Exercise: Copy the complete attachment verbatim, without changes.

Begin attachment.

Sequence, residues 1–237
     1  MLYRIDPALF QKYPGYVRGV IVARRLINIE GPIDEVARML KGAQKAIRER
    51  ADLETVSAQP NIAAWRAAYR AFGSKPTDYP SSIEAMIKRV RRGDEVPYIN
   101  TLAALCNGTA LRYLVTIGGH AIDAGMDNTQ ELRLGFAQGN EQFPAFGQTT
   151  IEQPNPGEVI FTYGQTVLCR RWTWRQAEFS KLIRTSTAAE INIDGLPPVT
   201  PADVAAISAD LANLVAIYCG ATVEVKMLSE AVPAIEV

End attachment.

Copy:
Sequence, residues 1–237
     1  MLYRIDPALF QKYPGYVRGV IVARRLINIE GPIDEVARML KGAQKAIRER
    51  ADLETVSAQP NIAAWRAAYR AFGSKPTDYP SSIEAMIKRV RRGDEVPYIN
   101  TLAALCNGTA LRYLVTIGGH AIDAGMDNTQ ELRLGFAQGN EQFPAFGQTT
   151  IEQPNPGEVI FTYGQTVLCR RWTWRQAEFS KLIRTSTAAE INIDGLPPVT
   201  PADVAAISAD LANLVAIYCG ATVEVKMLSE AVPAIEV